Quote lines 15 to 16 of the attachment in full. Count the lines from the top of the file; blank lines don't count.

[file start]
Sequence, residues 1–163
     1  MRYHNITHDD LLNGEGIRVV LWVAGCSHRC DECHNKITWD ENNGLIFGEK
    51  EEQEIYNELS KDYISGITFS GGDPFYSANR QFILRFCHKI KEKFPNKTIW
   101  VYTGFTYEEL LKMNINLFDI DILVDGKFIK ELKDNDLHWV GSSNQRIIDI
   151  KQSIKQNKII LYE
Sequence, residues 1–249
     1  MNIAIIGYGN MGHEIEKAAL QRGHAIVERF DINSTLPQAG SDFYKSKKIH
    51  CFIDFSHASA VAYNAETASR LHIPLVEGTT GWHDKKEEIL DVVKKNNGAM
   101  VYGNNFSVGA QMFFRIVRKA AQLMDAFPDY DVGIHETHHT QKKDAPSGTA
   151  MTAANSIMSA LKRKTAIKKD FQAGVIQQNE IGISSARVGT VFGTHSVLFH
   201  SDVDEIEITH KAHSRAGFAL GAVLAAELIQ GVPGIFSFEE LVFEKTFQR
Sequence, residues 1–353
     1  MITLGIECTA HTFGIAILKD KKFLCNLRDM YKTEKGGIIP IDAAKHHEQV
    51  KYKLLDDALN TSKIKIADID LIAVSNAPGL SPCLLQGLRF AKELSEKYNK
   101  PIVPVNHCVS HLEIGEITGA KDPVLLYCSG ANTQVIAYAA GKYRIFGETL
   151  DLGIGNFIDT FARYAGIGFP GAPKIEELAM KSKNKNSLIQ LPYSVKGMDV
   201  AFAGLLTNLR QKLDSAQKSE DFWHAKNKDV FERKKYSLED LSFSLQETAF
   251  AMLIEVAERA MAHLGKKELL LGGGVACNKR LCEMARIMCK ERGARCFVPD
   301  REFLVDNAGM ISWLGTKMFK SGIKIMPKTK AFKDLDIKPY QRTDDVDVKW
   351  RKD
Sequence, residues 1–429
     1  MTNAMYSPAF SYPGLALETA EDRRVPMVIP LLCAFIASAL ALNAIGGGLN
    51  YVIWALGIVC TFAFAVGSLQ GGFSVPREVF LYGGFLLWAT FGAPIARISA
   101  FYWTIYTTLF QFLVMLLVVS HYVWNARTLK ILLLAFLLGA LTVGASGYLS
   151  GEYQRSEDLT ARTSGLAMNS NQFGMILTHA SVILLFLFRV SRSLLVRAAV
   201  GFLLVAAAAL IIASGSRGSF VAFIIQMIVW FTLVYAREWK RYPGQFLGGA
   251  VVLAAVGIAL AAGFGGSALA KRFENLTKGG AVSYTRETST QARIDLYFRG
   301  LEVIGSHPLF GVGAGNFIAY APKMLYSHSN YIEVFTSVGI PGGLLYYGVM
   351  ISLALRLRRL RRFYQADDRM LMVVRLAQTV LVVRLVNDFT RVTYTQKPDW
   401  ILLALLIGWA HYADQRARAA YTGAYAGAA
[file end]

   101  PIVPVNHCVS HLEIGEITGA KDPVLLYCSG ANTQVIAYAA GKYRIFGETL
   151  DLGIGNFIDT FARYAGIGFP GAPKIEELAM KSKNKNSLIQ LPYSVKGMDV